Antonov Design Bureau designed the Soviet Union’s planes during the 1980s; specifically the Antonov An-225. It was also known as Mriya, but was referred to as Cossack during NATO reporting. The Ukrainian name means “dream,” as was supposed to represent “inspiration.” It remains in service to this date and is primarily used by Antonov Airlines.
The Making of the Antonov An-225
Mriya was originally developed to transport the Buran spaceplane. This was at the height of the Cold War, when the Soviet Union and USA were involved in the space war. It was supposed to be a larger version of the Antonov An-124, which had already proven to be successful. However, the Soviets needed something larger, capable of carrying heavier loads.
This plane was able to take off with a maximum of 640 tonnes in its hold. It remains as the heaviest and longest plane ever to be built, and need six turbofans to power it. Another record that it still holds is the one for the heaviest payload of a single item, which weight almost 190,000kg (almost 420,000lbs), and the heaviest total payload, which was over 250,000kg (almost 560,000lbs). Those payloads were for private military flights. When it comes to commercial loads, its heaviest has been 247,000kg (545,000lbs).
The Initial Design and Development
Remember that the whole idea for the Antonov An-225 was to tranport the Soviet space program’s Buran spaceplane. It was to replace the Myasishchev VM-T, which was currently in service at the time. When compared to American planes, it was supposed to mimic the Shuttle Carrier Aircraft.
The SCA were two Boeing 747s modified to be able to transport the orbiters for space shuttles. A short range -100SR was used, while the regular -100 was the other one. The only job was to get the shuttles from the Kennedy Space Center to the Shuttle Landing Facility, as well as other locations that they could possibly need to be transported to. In other words, very little was needed, but it was still a very important job.
Without these aircrafts, space launches would be difficult to take off since getting them between hangers and the launch pad would be near impossible.
With all that in mind, it was relatively easy to create the plane. There was even a plane that Antonov could base the design on to make it easier. The An-124 needed slight modifications to make it larger and still keep safety as its number one priority. The fuselage barrel extensions needed to be added, and the wings needed a large span, which was gained through root extensions. Extra engines would be needed to take on the weight, so two Ivchenko Progress D-18T engines were added to the extra wing span.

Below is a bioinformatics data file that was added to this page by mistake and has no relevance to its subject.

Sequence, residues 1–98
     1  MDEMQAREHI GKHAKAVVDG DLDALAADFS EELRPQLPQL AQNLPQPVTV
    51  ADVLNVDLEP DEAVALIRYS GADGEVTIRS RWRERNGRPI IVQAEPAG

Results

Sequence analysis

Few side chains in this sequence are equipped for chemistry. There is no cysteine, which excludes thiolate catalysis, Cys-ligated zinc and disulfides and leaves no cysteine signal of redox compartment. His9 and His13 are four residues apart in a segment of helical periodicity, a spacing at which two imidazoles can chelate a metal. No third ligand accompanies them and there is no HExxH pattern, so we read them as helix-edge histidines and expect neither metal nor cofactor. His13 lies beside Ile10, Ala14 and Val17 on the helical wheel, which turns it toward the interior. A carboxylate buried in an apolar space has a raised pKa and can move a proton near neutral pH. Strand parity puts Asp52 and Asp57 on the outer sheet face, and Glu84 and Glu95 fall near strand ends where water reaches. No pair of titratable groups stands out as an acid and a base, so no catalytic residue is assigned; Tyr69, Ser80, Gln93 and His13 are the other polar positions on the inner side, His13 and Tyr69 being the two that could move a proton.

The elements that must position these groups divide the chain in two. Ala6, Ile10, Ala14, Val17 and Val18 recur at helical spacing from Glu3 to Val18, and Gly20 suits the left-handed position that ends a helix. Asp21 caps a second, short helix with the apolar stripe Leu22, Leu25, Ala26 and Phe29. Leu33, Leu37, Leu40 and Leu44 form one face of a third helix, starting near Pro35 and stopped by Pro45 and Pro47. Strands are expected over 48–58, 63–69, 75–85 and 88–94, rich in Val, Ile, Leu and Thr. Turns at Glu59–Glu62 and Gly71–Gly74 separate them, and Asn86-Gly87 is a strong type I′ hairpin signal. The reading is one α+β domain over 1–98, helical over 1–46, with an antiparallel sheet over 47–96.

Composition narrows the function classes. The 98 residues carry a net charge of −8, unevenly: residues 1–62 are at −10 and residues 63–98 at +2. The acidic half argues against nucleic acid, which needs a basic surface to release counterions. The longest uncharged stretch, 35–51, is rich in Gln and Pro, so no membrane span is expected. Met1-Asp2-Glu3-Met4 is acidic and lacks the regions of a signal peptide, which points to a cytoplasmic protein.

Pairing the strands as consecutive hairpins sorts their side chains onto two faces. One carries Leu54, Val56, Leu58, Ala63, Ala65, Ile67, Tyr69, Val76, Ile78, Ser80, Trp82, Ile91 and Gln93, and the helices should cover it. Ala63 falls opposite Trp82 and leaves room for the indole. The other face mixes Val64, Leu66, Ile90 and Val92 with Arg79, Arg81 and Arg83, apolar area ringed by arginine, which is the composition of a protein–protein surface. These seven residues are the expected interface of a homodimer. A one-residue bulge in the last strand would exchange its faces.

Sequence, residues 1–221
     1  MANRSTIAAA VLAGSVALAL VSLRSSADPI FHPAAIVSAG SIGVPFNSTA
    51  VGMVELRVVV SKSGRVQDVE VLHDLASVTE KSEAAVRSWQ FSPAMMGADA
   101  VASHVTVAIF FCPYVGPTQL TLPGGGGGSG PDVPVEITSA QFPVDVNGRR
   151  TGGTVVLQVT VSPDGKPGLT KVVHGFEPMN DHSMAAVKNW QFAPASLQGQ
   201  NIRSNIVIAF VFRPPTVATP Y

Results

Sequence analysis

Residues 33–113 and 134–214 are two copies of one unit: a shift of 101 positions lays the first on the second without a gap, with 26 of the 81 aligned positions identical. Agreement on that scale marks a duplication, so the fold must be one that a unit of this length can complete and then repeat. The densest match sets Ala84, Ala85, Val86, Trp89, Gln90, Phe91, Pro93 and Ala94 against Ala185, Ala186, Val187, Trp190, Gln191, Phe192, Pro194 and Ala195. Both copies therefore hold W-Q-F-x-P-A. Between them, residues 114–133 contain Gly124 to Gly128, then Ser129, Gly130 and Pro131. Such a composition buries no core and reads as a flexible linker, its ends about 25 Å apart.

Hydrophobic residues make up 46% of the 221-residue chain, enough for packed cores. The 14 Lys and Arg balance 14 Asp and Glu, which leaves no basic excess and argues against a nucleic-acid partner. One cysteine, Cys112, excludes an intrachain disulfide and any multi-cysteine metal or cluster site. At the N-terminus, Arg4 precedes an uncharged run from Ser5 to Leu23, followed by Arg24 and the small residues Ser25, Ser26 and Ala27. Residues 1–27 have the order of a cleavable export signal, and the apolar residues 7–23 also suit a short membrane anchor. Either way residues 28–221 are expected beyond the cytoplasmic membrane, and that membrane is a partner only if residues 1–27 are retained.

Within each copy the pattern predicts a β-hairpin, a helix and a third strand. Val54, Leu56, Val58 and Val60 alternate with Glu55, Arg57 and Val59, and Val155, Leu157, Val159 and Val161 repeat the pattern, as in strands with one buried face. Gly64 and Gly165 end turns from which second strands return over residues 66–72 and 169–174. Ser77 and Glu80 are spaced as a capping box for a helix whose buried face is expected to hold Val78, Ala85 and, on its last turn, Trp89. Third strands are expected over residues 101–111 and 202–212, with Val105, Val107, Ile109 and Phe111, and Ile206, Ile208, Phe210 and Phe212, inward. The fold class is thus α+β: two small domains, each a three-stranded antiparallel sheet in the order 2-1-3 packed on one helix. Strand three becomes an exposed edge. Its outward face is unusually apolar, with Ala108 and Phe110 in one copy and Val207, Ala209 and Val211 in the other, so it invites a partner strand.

A new landing fear system would also be needed to support the extra capacity. 32 wheels were used in the final design, with some of those steerable. The aircraft would be able to turn on a 60m width runway.
Most other features of is inspiration were kept. This included the ability to kneel the nosegear for easier unloading and loading of the cargo. However, some aspects needed to be changed for the weight problems. The cargo door and ramp at the back of the plane was removed, and a twin tail was added to help stabilize the plane.
Surpassing Airbus’ Heaviest Take Off Weight
The plane was developed with Airbus’ maximum take off weight in mind, and managed to surpass it twice. However Airbus is fighting back, by working on an A380 that will have a maximum landing weight of over 1.3 million pounds.
There were other records that the Soviet plane would have liked to have gained, but are surpassed by other companies. One of those is the largest cargo hold, which the Boeing 747 Dreamlifter holds. The Hercules takes the record for the highest and having the largest wingspan, although the craft was lighter and shorter. The Hercules only flew on one trip, which puts the An-225 at the top for height and wingspan for planes that have flown multiple times.
The First Flight
The maiden flight took place on December 21, 1988. It lasted just 74 minutes, and started in Kiev. After that, it went on static display at the Paris Air Show, and then a year later was on display for the public in the United Kingdom at the Farnborough air show.